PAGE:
“One, please” she said.

Once again the expressionless operator read her the rules. Once again she stalled at the top. Once again she looks up to the heavens and cried,

“I love you Dad”

Down at the bottom the aged man running the ferris wheel softly says,

“I know.”

And for one brief second when she looked at him she thought saw her father’s eyes. Sometimes we all learn things too late. The only true time you become an adult is when you finally forgive someone for being just as flawed, scarred and full of insecurites as everyone else. It’s human nature.

A Curio of Nostalgic Words

A Curio of Nostalgic Words



Photograph of the Knight family in front of the smaller dining room sideboard on South Street in Cowansville, Quebec. The late, Robin Knight Nutbrown, Frederick J Knight, Bernice Ethylene Crittenden Knight, Arthur J. Knight, Mary Louise Deller Knight, and the last one alive–me–Linda Susan Knight Seccaspina

The transparent yellowed curtains that hung in my Grandmother’s dining room never hid what mischief I was up to while she sat on the screened porch on Friday evenings. As a child I understood that the family business was open until 9, and I spent the evening hours waiting for my father in the rear of the building– which happened to be my Grandparents home on South Street in Cowansville.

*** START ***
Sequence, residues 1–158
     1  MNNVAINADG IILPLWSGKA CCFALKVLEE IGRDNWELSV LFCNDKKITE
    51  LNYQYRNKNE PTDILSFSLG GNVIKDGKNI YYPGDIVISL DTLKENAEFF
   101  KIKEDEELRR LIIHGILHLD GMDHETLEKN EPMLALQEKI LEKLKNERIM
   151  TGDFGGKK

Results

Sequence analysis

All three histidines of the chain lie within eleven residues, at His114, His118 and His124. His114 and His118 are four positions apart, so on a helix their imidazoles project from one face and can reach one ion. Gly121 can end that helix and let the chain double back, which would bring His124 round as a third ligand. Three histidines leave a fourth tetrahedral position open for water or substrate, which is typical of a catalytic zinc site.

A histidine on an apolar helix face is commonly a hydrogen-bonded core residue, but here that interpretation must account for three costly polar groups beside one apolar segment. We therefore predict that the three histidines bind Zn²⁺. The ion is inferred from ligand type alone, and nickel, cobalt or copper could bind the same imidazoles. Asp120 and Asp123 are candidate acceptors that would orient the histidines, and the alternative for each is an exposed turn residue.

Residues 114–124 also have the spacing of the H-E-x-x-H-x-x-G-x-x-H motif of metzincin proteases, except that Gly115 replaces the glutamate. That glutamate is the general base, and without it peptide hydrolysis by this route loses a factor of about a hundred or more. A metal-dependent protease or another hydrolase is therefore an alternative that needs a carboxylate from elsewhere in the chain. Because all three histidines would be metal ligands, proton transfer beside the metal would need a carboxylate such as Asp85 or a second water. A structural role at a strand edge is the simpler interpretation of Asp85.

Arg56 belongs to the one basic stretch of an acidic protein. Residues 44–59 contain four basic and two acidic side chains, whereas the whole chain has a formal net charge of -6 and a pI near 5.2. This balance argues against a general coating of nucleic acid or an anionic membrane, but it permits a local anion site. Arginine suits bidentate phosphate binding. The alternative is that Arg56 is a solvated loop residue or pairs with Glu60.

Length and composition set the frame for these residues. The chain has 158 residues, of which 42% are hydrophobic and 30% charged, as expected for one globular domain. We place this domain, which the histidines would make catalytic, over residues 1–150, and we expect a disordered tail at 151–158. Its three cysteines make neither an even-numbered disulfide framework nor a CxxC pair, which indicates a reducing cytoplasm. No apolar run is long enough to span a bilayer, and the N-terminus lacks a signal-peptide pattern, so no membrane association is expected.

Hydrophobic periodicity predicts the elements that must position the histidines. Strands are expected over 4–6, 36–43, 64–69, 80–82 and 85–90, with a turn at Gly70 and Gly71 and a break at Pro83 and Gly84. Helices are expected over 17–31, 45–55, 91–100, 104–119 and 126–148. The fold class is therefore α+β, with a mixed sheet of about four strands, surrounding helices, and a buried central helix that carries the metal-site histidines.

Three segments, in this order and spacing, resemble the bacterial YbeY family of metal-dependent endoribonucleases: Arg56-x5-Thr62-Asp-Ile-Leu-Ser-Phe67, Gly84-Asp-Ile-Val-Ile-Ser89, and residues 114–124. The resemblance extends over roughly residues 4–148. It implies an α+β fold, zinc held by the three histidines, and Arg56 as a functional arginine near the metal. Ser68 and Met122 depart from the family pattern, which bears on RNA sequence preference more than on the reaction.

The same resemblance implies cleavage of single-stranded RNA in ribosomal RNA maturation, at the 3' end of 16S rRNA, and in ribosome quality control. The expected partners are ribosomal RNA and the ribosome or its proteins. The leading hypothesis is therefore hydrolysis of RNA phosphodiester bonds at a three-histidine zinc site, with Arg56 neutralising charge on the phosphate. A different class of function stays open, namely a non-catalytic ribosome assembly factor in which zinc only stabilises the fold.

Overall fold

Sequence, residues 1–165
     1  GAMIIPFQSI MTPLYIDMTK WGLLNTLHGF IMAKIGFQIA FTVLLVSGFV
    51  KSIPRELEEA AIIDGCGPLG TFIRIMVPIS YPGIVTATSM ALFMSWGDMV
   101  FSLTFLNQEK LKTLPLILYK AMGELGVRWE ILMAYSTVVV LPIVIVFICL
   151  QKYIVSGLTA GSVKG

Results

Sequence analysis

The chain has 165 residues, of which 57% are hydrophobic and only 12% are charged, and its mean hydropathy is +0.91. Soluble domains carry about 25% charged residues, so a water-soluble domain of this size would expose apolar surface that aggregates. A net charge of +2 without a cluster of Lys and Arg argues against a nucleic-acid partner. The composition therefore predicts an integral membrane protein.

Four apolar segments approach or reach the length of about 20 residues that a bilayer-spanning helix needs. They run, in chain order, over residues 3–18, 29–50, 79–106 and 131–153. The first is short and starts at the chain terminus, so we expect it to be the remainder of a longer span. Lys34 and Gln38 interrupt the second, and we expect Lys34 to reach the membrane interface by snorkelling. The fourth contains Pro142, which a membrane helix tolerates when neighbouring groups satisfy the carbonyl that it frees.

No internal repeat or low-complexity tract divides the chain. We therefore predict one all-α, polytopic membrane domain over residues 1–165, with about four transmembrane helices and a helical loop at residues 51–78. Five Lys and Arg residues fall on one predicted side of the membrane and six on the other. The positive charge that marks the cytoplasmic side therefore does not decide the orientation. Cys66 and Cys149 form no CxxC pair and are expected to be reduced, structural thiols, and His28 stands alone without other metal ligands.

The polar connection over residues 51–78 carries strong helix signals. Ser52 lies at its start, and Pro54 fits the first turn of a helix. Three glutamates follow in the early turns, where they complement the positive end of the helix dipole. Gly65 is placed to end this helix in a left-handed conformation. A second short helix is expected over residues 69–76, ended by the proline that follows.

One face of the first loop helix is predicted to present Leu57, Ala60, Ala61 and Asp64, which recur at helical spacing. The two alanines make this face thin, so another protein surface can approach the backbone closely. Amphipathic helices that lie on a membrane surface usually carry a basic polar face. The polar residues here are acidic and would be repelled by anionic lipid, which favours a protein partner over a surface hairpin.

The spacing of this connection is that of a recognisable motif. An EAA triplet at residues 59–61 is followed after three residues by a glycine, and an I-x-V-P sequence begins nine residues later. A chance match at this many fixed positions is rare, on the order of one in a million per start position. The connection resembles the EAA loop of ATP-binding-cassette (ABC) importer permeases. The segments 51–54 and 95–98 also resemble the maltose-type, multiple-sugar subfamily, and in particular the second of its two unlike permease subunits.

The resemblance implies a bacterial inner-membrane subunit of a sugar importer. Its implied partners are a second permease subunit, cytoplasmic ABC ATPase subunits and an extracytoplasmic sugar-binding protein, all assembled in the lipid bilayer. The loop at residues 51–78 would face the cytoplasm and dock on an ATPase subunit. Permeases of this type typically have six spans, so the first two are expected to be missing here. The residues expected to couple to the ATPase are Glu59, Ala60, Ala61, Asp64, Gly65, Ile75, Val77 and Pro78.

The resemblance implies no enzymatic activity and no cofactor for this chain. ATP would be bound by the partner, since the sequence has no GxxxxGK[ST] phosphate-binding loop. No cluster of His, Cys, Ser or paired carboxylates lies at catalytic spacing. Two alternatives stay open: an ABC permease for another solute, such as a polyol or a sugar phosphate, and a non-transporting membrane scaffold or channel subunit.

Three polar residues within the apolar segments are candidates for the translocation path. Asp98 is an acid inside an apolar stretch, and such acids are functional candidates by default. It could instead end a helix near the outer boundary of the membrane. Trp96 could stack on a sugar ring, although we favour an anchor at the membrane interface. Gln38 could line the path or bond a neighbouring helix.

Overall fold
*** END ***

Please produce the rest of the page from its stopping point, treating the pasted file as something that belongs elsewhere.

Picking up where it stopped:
I would always sit and chat with her, or watch her bake in the kitchen, but my favourite pastime was looking through the glass of her old china cupboard. There was the broken engagement ring that sat in a teacup as the ruby stone had fallen out, and a handed down figurine that my great great grandmother had received from Queen Victoria. Each piece in the cabinet had a story and my Grandmother was an amazing storyteller that made everything seem to come alive.



My curio cabinet that I hope my grandkids will love. The figurine from Queen Victoria is on the second shelf on the left in front of the green card.


Besides the china cabinet there was a very long sideboard at the end of the dining room. It held all the good dishes and silverware that were used on holidays and it seemed each set had a memory. Tucked away in the back was the black tin ‘money box’  that was brought out every Saturday night to tally up the week’s receipts.  I can still hear the click of the old adding machine along with low murmuring voices that went on for an hour with Lawrence Welk playing in the background.

While I sat on the plastic covered couch in the living room I would patiently wait to hear the closing sound of one of the compartments in the sideboard. That was a sign that Grammy would make us all a snack of saltine crackers topped with Cheese Whiz, and of course another story about anything she felt she needed to talk about.